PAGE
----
Eupatorium rugosum (white snakeroot) 8/13/03
Galium mollugo (wild madder) 8/13/03
Galium sp. (bedstraw)
Geum canadense (white avens)
Glechoma hederacea (gill-over-the-ground) 4/27/99
Impatiens capensis (orange jewelweed) 8/13/03
Iris sp. (blue or yellow flag)
Lycopus sp. (bugleweed)
Lysimachia nummularia (moneywort)
Lythrum salicaria (purple loosestrife) 8/13/03
Maianthemum canadense (Canada mayflower)
Mentha arvensis (wild mint) 8/13/03
Monotropa uniflora (Indian pipe)
Narcissus sp. (daffodil) 4/27/99
Oxalis sp. (yellow wood sorrel) 8/13/03
Pilea pumila (clearweed)
Plantago lanceolata (English plantain)
Plantago major (common plantain)
Podophyllum peltatum (may apple) big colony of it
Polygonum cespitosum (cespitose smartweed) 8/13/03
Polygonum virginianum (jumpseed) 8/13/03
Potamogeton sp. (pond weed) 8/13/03 too far out in the reservoir to check
Potentilla simplex (common cinquefoil)
Prunella vulgaris (self-heal) 8/13/03
Ranunculus abortivus (kidney-leaf buttercup) 4/27/99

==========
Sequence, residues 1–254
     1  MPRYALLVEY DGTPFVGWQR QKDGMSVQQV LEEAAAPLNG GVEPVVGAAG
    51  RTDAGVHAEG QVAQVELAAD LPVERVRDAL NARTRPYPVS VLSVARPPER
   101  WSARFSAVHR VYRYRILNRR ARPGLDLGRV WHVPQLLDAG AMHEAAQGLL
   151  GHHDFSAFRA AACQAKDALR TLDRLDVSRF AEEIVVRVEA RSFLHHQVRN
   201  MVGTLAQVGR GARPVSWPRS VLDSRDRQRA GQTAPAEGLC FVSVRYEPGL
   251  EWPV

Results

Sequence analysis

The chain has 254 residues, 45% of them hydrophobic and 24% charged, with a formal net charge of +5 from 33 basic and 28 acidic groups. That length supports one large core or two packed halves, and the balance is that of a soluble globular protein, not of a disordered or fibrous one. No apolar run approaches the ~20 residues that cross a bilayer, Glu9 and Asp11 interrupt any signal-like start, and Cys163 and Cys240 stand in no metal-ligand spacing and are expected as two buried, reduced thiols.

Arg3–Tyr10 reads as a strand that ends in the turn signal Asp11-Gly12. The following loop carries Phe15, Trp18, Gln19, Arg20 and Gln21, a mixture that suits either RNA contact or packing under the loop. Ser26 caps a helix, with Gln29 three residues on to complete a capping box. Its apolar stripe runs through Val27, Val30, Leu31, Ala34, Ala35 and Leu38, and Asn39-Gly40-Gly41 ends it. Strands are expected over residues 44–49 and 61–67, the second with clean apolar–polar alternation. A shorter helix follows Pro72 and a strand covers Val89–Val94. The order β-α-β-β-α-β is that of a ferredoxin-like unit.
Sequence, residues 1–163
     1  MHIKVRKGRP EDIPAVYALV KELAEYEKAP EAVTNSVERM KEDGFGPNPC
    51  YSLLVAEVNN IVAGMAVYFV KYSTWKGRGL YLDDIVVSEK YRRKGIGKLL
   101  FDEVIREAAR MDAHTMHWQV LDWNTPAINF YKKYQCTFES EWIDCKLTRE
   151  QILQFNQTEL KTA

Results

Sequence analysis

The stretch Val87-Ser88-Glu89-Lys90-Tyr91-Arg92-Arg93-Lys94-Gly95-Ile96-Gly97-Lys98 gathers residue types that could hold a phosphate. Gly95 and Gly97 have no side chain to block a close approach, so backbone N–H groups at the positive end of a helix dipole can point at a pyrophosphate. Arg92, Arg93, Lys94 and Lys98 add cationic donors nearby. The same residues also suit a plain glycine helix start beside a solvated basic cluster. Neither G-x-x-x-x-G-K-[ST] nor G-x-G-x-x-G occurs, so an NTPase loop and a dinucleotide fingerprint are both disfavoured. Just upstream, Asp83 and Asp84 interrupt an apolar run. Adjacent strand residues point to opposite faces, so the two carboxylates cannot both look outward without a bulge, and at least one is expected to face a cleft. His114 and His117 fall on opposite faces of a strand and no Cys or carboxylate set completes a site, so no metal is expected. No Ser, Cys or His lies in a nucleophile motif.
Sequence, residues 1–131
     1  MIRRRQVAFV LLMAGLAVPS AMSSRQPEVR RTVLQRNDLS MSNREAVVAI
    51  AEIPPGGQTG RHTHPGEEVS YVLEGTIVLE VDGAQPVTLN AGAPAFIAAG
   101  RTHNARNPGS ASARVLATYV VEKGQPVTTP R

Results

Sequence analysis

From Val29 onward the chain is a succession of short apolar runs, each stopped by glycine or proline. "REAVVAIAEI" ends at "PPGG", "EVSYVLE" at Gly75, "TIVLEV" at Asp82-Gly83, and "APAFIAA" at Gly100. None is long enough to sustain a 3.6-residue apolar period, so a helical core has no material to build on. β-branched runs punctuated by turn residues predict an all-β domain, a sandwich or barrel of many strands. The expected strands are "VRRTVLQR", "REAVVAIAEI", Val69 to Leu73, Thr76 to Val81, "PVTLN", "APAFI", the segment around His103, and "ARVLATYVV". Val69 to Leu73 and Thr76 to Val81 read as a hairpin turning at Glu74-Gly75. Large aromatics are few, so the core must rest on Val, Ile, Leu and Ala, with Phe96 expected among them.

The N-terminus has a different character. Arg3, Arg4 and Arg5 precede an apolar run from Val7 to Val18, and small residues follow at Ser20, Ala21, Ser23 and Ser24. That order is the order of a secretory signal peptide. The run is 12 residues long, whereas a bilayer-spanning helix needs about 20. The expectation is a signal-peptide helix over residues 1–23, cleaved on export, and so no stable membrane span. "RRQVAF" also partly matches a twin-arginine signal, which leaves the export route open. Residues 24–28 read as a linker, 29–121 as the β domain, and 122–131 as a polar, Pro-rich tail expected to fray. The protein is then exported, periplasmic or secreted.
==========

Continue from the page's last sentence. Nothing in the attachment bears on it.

Ranunculus ficaria (lesser celandine) 4/27/99
Rorippa nasturtium-aquaticum (water yellow cress; water cress)
Solidago caesia (blue-stem goldenrod)
Solidago rugosa (rough-stemmed goldenrod) 8/13/03
Symplocarpus foetidus (skunk cabbage)
Taraxacum officinale (dandelion) 4/27/99
Thalictrum pubescens (tall meadowrue) 8/13/03
Trifolium pratense (red clover) 8/13/03
Trifolium repens (white clover) 8/13/03
Trillium sp. (trillium)
Verbascum thapsus (common mullein)
Viola sororia (common blue violet) 4/27/99

Rushes:
Juncus tenuis (path rush)

Sedges:
Carex laxiflora type (sedge)
Carex pensylvanica (Pennsylvania sedge)
Scirpus atrovirens (dark-green bulrush)

Grasses:
Anthoxanthum odoratum (sweet vernal grass) 4/27/99
Dactylis glomerata (orchard grass)
Microstegium vimineum (Japanese stilt grass)
Phragmites australis (giant reed grass)

Ferns and Fern Allies:
Athyrium filix-femina (lady fern)
Dennstaedtia punctilobula (hay-scented fern)
Dryopteris intermedia (fancy woodfern)
Onoclea sensibilis (sensitive fern)
Osmunda cinnamomea (cinnamon fern)
Polystichum acrostichoides (Christmas fern)
Pteridium aquilinum (bracken fern)
Thelypteris noveboracensis (New York fern)